Jordan Spieth produced a spirited finish to revive his bid to become the youngest player to complete a Grand Slam of majors as he opened the PGA Championship with a one-over 72.
With the tough course set-up at Quail Hollow taking its toll on the majority of the field, Spieth was three over with three to play before late birdies at the seventh and eighth hauled him back to within five shots off the early lead.
The Open champion had earlier got off to a solid start and followed five pars with a high-quality up-and-down for birdie at the long 15th, although he gave the stroke straight back at the next when he bunkered his approach and missed from 15 feet for par.
Spieth found another greenside bunker at the first and again failed to get down in two, and he came up short at both the fifth and sixth and could not avoid further bogeys.
But the 24-year-old hit back with a good four at the long seventh, and he pitched to within three feet at the eighth to set up his third birdie of the round before he closed with a cast-iron par at nine.
Spieth was satisfied with his overall game from tee to green, but he was not happy with his putting and admitted he would have to show a vast improvement with the flat stick if he is to contend on Sunday.
“I drove the ball well today, struck it pretty good. If you told me I was going to hit my driver the way that I did today, I would have definitely thought I would have shot a few under par which was an awesome score,” he said. “That was good, but I can’t putt any worse than I did today.
“I don’t think I missed any short putts, I just had really poor speed on my really long putts. I created technically three two-putts that were actually three-putts. One of them I putted off the green, the other two were from off the green. It was so difficult.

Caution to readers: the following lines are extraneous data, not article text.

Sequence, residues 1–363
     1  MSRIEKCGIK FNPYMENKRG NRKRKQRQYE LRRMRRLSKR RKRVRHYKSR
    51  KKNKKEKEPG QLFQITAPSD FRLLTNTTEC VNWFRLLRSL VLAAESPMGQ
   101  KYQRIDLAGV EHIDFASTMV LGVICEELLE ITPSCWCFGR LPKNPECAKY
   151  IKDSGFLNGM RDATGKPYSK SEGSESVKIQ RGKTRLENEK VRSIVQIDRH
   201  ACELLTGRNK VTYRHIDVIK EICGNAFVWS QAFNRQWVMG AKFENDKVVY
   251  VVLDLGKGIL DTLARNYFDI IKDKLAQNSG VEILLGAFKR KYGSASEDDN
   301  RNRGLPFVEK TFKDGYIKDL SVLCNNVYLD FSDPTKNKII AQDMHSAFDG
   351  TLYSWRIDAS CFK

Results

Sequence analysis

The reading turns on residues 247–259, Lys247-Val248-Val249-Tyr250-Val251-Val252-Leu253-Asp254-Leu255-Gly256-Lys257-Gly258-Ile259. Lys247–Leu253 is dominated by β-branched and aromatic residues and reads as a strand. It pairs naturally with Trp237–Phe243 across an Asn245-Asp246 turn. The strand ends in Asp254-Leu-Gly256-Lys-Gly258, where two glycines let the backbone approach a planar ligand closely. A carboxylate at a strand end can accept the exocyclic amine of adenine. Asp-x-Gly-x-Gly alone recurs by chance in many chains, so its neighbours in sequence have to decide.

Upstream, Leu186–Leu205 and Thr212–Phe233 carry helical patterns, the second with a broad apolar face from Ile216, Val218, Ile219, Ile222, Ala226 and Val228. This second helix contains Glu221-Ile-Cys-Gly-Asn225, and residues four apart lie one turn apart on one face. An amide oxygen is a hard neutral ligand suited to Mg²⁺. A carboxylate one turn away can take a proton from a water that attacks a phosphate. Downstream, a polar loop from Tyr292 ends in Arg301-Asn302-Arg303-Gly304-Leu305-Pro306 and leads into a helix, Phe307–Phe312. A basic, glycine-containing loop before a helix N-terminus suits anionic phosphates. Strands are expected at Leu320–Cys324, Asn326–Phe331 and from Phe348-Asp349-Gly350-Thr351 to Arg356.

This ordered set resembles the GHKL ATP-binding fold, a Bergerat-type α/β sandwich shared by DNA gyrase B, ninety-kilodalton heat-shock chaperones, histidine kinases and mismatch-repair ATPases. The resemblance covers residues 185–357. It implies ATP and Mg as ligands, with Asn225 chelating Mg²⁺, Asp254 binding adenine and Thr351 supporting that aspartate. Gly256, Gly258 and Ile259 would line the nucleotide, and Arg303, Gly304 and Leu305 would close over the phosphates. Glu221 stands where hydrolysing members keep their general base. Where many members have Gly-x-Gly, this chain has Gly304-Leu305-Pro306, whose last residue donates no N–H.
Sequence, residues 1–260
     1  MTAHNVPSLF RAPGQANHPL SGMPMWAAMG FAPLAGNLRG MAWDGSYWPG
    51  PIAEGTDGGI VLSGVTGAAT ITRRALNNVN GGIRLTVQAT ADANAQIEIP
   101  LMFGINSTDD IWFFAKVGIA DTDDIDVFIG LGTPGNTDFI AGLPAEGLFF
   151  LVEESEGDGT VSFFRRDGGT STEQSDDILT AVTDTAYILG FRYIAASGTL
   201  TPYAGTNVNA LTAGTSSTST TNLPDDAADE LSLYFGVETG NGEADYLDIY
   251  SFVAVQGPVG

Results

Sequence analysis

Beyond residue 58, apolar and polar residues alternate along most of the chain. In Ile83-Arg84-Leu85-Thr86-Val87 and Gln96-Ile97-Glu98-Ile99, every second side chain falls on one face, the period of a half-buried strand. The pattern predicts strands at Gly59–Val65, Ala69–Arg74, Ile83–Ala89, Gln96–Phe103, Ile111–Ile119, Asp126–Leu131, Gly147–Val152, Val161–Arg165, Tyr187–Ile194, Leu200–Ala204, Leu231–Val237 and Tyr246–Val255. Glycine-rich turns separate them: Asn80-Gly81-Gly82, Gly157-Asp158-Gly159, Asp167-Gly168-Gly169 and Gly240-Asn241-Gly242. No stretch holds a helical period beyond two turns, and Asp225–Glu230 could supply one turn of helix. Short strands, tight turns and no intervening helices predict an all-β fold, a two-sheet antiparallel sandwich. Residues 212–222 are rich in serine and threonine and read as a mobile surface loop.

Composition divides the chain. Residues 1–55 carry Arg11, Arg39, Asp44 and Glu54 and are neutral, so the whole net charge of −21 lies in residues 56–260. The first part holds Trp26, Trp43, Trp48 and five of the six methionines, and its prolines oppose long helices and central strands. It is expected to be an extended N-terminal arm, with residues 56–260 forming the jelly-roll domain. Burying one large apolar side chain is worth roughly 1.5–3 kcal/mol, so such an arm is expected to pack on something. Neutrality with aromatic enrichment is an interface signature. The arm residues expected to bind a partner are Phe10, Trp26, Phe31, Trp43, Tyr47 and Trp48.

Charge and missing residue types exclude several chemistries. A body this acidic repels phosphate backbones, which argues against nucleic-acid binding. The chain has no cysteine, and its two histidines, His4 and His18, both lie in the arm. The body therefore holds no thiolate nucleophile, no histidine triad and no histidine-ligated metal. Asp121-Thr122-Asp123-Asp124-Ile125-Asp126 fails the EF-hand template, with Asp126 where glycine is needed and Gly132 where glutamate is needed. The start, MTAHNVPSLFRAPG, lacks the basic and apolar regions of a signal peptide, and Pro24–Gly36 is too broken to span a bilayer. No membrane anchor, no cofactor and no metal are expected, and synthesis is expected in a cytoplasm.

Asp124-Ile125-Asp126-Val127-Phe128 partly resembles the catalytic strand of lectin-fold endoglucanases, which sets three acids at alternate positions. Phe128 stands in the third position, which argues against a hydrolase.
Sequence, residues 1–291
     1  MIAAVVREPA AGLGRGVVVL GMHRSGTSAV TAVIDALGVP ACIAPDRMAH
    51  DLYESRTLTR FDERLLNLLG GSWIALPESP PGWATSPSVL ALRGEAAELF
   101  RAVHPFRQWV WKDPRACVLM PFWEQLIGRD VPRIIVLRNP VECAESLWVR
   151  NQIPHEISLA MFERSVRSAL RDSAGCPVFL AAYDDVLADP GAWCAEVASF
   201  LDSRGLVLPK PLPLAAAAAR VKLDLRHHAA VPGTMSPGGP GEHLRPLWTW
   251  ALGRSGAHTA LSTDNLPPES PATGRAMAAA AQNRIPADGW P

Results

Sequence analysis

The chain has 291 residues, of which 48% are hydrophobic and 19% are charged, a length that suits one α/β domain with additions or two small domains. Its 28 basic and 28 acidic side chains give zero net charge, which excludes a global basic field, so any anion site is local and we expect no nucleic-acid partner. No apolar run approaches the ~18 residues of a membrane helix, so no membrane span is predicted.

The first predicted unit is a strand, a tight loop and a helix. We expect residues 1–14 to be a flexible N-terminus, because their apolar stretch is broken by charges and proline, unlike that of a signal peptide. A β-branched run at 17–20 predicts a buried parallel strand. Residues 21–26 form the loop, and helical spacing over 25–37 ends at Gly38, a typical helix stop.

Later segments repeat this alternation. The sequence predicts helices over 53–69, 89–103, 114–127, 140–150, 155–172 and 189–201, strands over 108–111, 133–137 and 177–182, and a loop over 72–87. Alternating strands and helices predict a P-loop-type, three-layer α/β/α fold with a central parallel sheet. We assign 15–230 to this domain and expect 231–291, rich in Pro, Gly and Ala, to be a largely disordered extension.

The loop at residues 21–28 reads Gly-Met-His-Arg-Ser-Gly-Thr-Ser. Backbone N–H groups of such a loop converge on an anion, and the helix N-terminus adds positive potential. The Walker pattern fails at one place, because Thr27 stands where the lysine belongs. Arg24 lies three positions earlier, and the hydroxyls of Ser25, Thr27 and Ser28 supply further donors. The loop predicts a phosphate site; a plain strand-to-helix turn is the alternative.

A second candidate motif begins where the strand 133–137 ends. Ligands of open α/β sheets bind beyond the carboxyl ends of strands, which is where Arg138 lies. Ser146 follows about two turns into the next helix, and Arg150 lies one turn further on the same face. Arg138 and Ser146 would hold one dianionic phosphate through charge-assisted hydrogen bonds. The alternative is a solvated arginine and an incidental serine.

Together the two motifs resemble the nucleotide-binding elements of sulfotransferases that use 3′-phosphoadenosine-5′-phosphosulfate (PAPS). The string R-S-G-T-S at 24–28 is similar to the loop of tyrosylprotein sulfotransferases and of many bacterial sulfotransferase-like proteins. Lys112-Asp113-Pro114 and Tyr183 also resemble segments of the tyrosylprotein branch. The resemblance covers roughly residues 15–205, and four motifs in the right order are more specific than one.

“It was just the putter, everything else was fine. My bunker play actually made a lot of progress, but I bailed on my two bunker shots I had today which was frustrating. It was just the bunker play and the greens.
“But I wasn’t frustrated. I hit some good putts that missed and I burned a lot of edges. I didn’t make the one out of five. Instead I missed the 10 out of 10 from that kind of range. If I grabbed a couple of those then I would be pleased obviously.
“Yes, you need to be defensive on these greens. I was defensive and still had to make four to five-footers for par on a couple of them.”
Spieth was in the traditional grouping of the three major champions alongside Masters winner Sergio Garcia, who stuttered to a disappointing 75 after dropping six shots in four holes mid round, while US Open champion Brooks Koepka earned bragging rights in his threeball as he birdied three of the last four holes to return a 68.
Koepka revealed he needed only a pitching wedge for his approach to the 527-yard first hole, and he believes the course is tailor-made to suit his power game.
“This golf course, it’s a bomber’s paradise I think,” Koepka said. “There are some lines we can take over some trees, and you can take a short line into a bunch of them. Like I hit pitching wedge into the first today. I’m pretty sure a bunch of guys are going to be hitting six, or maybe five-iron into that hole.
“Length is a key factor out here, and especially when it’s as wet as it is, it makes those fairways a bit wider. And especially if you can keep it in the fairway, you’ll be just fine.”
Koepka hit 10 fairways in regulation, but one he missed was at the tough 16th when his ball cannoned off a marshal’s head, for which the American was very apologetic.
He added: “Yeah, he was fine. Well, I shouldn’t say fine – he just got drilled in the head. I felt terrible about it. I mean, that’s never fun to walk up and see somebody when you’ve just drilled them. To be honest with you, I felt like crap.
“He was laughing and joking when I was up there, kept telling me ‘You got a good break’. I’ll probably reach out to him tonight and see how he’s doing. I’m sure he’s going to have quite a big headache.”